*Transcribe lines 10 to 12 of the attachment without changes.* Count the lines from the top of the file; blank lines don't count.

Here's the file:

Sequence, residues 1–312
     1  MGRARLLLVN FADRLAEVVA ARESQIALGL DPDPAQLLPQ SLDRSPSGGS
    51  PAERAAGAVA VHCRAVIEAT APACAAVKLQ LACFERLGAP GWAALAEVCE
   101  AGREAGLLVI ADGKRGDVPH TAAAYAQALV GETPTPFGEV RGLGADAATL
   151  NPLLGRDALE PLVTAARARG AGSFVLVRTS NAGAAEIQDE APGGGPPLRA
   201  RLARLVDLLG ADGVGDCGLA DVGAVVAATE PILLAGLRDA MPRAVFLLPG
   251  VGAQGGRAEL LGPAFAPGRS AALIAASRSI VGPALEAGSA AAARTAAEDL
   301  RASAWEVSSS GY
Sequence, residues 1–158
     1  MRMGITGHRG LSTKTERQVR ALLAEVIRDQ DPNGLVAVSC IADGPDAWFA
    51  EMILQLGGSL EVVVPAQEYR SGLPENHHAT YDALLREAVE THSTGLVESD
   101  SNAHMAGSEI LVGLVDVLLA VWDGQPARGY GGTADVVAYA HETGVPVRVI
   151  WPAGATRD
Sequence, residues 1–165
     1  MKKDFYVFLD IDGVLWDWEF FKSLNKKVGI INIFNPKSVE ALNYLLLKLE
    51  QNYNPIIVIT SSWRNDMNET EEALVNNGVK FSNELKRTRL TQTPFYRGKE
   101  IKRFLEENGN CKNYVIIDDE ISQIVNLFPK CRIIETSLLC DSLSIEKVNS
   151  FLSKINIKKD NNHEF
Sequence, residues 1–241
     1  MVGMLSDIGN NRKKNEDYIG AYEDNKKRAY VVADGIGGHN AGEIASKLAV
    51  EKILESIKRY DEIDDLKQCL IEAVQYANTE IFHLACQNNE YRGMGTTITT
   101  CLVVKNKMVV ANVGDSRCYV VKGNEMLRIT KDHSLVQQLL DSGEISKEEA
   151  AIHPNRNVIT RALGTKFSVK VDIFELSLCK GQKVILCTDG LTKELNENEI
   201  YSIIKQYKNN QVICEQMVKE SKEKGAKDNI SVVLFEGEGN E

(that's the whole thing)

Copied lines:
     1  MRMGITGHRG LSTKTERQVR ALLAEVIRDQ DPNGLVAVSC IADGPDAWFA
    51  EMILQLGGSL EVVVPAQEYR SGLPENHHAT YDALLREAVE THSTGLVESD
   101  SNAHMAGSEI LVGLVDVLLA VWDGQPARGY GGTADVVAYA HETGVPVRVI